In 1909, Díaz and William Howard Taft planned a summit in Ciudad Juárez and El Paso, a historic first meeting between a Mexican and a U.S. president, and also the first time a U.S. president would cross the border into Mexico. But tensions rose on both sides of the border over the disputed Chamizal strip connecting Ciudad Juárez to El Paso, even though it would have been considered neutral territory with no flags present during the summit. The Texas Rangers, 4,000 U.S. and Mexican troops, U.S. Secret Service agents, FBI agents and U.S. marshals were all called in to provide security. Frederick Russell Burnham, the celebrated scout, was put in charge of a 250 private security detail hired by John Hays Hammond. On October 16, the day of the summit, Burnham and Private C.R. Moore, a Texas Ranger, discovered a man holding a concealed palm pistol standing at the El Paso Chamber of Commerce building along the procession route. Burnham and Moore captured, disarmed, and arrested the assassin within only a few feet of Díaz and Taft.
The city was Mexico's largest border town by 1910—and as such, it held strategic importance during the Mexican Revolution. In May 1911, about 3,000 revolutionary fighters under the leadership of Francisco Madero laid siege to Ciudad Juárez, which was garrisoned by 500 regular Federal troops under the command of General Juan J Navarro. Navarro's force was supported by 300 civilian auxiliaries and local police. After two days of heavy fighting most of the city had fallen to the insurrectionists and the surviving federal soldiers had withdrawn to their barracks. Navarro then formally surrendered to Madero. The capture of a key border town at an early stage of the revolution not only enabled the revolutionary forces to bring in weapons and supplies from El Paso, but marked the beginning of the end for the demoralized Diaz regime.
During the subsequent years of the conflict, Villa and other revolutionaries struggled for the control of the town (and income from the Federal Customs House), destroying much of the city during battles in 1911 and 1913. Much of the population abandoned the city between 1914 and 1917. Tourism, gambling, and light manufacturing drove the city's recovery from the 1920s until the 1940s. A series of mayors in the 1940s–1960s, like Carlos Villareal and René Mascareñas Miranda, ushered in a period of high growth and development predicated on the PRONAF border industrialization development program. A beautification program spruced up the city center, building a series of arched porticos around the main square, as well as neo-colonial façades for main public buildings such as the city health clinic, the central fire station, and city hall. The cathedral, built in the 1950s, gave the city center the flavor of central Mexico, with its carved towers and elegant dome, but structural problems required its remodeling in the 1970s. The city's population reached some 400,000 by 1970.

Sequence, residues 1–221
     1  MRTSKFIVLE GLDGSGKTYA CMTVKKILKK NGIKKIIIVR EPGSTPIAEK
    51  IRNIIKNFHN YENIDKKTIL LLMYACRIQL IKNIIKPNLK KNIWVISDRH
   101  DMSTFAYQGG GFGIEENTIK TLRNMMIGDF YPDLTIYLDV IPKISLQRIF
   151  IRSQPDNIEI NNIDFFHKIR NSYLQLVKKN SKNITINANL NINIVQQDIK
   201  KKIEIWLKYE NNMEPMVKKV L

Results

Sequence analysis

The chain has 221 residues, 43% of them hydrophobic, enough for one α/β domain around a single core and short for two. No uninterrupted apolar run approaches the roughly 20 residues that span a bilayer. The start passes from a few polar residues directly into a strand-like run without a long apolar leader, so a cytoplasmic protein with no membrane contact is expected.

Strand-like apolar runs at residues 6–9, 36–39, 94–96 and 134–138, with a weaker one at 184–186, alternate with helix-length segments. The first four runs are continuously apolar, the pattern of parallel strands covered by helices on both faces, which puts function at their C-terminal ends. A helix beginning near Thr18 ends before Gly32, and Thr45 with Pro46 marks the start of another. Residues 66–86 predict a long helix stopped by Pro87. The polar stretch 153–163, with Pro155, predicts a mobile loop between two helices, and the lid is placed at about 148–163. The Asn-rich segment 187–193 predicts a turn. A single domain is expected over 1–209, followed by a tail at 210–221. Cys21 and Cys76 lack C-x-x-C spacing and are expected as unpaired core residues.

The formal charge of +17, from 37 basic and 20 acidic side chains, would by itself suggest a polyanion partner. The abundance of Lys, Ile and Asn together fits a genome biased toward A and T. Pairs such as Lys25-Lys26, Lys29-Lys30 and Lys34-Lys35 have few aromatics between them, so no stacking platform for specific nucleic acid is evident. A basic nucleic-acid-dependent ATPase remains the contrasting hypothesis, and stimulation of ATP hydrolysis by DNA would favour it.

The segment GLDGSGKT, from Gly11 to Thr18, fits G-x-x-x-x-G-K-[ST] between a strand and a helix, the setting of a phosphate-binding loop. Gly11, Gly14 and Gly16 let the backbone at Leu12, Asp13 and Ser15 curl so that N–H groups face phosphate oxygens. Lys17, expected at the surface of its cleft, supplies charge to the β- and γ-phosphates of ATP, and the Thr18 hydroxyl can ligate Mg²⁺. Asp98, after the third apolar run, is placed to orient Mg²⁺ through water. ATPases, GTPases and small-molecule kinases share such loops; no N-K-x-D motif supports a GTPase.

Juárez has grown substantially in recent decades due to a large influx of people moving into the city in search of jobs with the maquiladoras. As of 2014[update] more technological firms have moved to the city, such as the Delphi Corporation Technical Center, the largest in the Western Hemisphere, which employs over 2,000 engineers. Large slum housing communities called colonias have become extensive.
Juárez has gained further notoriety because of violence and as a major center of narcotics trafficking linked to the powerful Juárez Cartel, and for more than 1000 unsolved murders of young women from 1993 to 2003.
Due to its location in the Chihuahuan Desert and high altitude, Ciudad Juárez has a cold desert climate (Köppen: BWk). Seasons are distinct, with hot summers, mild springs and autumns, and cold winters. Summer average high is 35 °C (95 °F) with lows of 21 °C (70 °F). Winter highs average 14 °C (57 °F) with lows of 0 °C (32 °F). Rainfall is scarce and greater in summer. Snowfalls occur occasionally (about 4 times a year), between November and March. On December 26/27, 2015, parts of the city received 40 cm (16 in) of snow within a 24-hour period beating the previous record of 28 cm (11 in) set in 1951. The record high is 49 °C (120 °F) and the record low is −23 °C (−9 °F).
|Climate data for Ciudad Juárez (Downtown), elevation: 1,135 metres (3,724 ft), 1971-2001 normals|
|Record high °C (°F)||28.0
|Average high °C (°F)||13.7
|Daily mean °C (°F)||5.8
|Average low °C (°F)||−1.9
|Record low °C (°F)||−23.0
|Average precipitation mm (inches)||7.7
|Average rainy days||2.07||2.42||2.4||0.46||1.14||2.26||6.85||4.78||3.92||2.71||1.78||1.78||32.57|
|Average snowy days||2||1||0||0||0||0||0||0||0||0||0||1||4|
|Source 1: SMN|
|Source 2: Meoweather.com (Snowy days) |
Ciudad Juárez has many affluent neighborhoods, such as Campestre, Campos Elíseos, and Misión de Los Lagos. Other neighborhoods, including Anapra, Chaveña, and Anáhuac, would be considered more marginal, while the remaining neighborhoods in Juárez represent the middle- to working-class, for example, Infonavit, Las Misiones, Valle de Juárez, Lindavista, Altavista, Guadalajara, Galeana, Flores Magón, Mariano Escobedo, Los Nogales, and Independencia.
Between the 1960s and 1990s, Juárez saw a high level of population growth due in part to the newly established maquiladoras. The end of the Bracero Program also brought workers back from border cities in the U.S. through Ciudad Juárez, contributing to the growing number of citizens.